Monday, July 22, 2013

Peru-Brazil 2013 – Day 34 – The cataracts

The day is cold and dreary, but this did not slow us down. We had to drive 20 km to the entrance of the park, where you park for the day. The entrance is not cheap (50 reais, plus 15 reais of the parking), but once you are inside you can use the shuttle anytime you want. Also, there are some additional attractions (bicycling, parachuting, kayaking, etc.), but you have to pay additional fees for them.

Anyway, we took the bus to the third stop, where the trail to the cataracts starts. Just as we were getting under way it started to rain. Annie was already clad in her rain suit, and additionally pulled out a poncho, while yours truly had zero protection against the elements. I bought a cheap poncho as soon as I could, but by that time I was already “damp” and had to live with it for the rest of the day.

There are no words with which I can describe the cataracts, so you will have to wait until I show you the photographs. Enough to say that I had never seen such a beautiful spectacle (and I have seen quite a few in the past), and that the site is rightfully considered one of the seven natural wonders of the world. The Rio Iguaçú breaks into more than 200 waterfalls as it precipitates itself at the edge of a basaltic plateau, so no matter which way you look there is always a marvelous sight to behold.

The path culminates in a walkway that extends almost to the middle of the river, so for a moment you seem to be suspended right between the upper and middle waterfalls. The water rushes under your feet, and plunges down, down, down as the void almost drags you with it. Of course you get totally drenched while you imagine being a part of the torrent, and sooner or later you have to come back to reality and head for the drier shore (dry being a relative condition, because by then we were in the middle of a tropical downpour).

We had brought stuff for lunch, and were lucky enough to find a cafeteria where we could sit out of the rain, eat our sandwiches, and buy two cups of chocolate. It tasted sooo good!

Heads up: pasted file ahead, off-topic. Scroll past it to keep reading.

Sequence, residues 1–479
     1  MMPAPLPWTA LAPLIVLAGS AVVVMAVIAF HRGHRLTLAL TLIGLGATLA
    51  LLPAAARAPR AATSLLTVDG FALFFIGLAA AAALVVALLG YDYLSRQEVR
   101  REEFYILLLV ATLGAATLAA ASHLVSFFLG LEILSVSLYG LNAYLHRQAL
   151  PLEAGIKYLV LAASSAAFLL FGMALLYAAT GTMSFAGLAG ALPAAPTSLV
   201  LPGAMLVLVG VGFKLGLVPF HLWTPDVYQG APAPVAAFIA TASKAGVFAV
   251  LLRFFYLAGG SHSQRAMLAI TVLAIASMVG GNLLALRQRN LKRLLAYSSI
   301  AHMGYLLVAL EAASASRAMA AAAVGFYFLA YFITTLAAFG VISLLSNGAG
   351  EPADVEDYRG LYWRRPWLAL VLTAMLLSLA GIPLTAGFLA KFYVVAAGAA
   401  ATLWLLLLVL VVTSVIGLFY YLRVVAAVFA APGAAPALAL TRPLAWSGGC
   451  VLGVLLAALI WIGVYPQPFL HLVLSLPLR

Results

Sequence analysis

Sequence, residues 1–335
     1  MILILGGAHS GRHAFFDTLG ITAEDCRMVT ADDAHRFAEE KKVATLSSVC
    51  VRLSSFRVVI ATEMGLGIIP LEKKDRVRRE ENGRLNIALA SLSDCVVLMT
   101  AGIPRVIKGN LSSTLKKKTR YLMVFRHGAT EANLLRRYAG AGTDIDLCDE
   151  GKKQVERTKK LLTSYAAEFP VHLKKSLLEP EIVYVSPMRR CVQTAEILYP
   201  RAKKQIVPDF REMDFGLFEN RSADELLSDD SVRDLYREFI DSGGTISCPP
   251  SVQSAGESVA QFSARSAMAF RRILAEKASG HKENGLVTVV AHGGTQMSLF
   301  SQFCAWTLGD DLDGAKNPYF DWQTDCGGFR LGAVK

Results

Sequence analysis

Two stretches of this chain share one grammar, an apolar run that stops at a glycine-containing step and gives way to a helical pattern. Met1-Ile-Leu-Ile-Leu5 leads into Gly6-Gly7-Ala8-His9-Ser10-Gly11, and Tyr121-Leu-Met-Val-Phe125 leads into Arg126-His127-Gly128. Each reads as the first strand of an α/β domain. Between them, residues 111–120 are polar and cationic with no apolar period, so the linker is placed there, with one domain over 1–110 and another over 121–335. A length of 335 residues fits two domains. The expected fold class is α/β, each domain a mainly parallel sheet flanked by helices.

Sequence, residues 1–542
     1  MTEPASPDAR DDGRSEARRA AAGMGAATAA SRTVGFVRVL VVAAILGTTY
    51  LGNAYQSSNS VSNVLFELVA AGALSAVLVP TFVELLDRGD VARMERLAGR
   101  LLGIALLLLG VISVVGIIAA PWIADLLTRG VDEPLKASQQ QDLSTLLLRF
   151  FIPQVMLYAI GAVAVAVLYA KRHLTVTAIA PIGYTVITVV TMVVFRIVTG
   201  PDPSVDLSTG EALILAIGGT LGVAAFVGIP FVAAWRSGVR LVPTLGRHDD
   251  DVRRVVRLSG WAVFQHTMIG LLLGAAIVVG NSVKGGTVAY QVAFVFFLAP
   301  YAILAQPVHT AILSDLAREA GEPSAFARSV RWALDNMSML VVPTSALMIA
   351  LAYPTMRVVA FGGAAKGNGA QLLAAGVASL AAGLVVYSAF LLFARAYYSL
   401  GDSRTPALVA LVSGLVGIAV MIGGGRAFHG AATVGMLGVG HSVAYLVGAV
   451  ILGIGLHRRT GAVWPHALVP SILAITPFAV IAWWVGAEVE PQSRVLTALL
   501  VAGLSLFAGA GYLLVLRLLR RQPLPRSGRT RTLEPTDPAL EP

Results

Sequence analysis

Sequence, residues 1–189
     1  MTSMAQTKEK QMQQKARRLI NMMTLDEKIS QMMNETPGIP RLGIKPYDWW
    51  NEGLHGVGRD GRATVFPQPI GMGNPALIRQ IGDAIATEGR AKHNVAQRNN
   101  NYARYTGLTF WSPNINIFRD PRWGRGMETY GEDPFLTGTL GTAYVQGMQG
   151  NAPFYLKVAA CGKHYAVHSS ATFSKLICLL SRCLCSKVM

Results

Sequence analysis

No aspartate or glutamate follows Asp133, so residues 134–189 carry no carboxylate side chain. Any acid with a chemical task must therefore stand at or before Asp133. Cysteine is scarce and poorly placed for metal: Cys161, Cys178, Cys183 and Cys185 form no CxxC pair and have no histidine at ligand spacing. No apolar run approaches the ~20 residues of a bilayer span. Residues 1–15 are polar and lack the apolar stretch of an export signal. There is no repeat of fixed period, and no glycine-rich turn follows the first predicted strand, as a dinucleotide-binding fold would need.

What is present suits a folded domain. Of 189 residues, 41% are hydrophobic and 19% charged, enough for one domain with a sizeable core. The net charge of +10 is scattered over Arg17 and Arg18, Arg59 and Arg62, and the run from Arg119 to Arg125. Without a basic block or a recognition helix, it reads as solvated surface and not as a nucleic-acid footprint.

For the afternoon we thought we would like to go for a hike through the jungle, but to our surprise found there were none! The trail to the cataracts was the only “free” trail. To use the other three that exist in the park you had to pay, and I am not sure at all you can actually walk on them without a guide. Apparently the park administration is paranoid about tourists getting lost or being attacked by a jaguar, so they don’t let one to just roam around.

Rather put down by this development I proposed to Annie taking a power boat excursion, from downstream all the way to the base of the falls. She automatically said no, but I could see by the glint in her eye that she was certainly intrigued. Even though she has bowed to not let me push you into crazy trips anymore, she kept going round the issue until, in a moment of weakness, she went for it. That is my BA Annie!

First we took a tram ride through a couple of kilometers of jungle, where we learned to identify the palmito palm. Did you know it takes 10 years for a palm to grow to the point where one kilo of palm hearth (palmito) can be extracted? Alas, the palm is now a threatened species because of the gourmet market for this delicacy.

Finally we got to the dock, where we were informed we would get completely soaked, so it was better to leave our valuables in a locker (foolish me, I left the camera there, so I don’t have hard evidence of the adventure to follow). We wrapped ourselves in our ponchos as best we could, donned a life vest, and boarded a rather large inflatable boat (seating capacity for 20 people) with two enormous outboard engines. And then we flew upstream! I have been in rapids going downstream, but with the power of the outboard engines we could actually climb through the holes and standing waves of the rapids! Annie was in pig heaven, smiling as wide as she could, and throwing caution to the winds. As we approached the base of the cataracts the boatman circled a couple of times to allow smart people to take pictures (while dodos who had left their cameras behind got to salivate with envy), and then plunged straight into the waterfalls with all the power of his engines! He didn’t get all the way there, because the force of the water was more powerful than the motors, but hovered right under the waterfall. Annie was wild with joy, wet as a mouse, and asked for an encore time and time again. In total we must have tried to plunge under the waterfall three or four times. Wet to the bone we finally turned around, and had another wild ride flying down the huge waves of the rapids. My Honey was ecstatic!

The tale has now been told. We shivered all the way to the car, where we finally thawed enough to talk excitedly about the experience. BA Annie gave it her highest praise when she said “I wouldn’t mind coming to Iguaçú again.”

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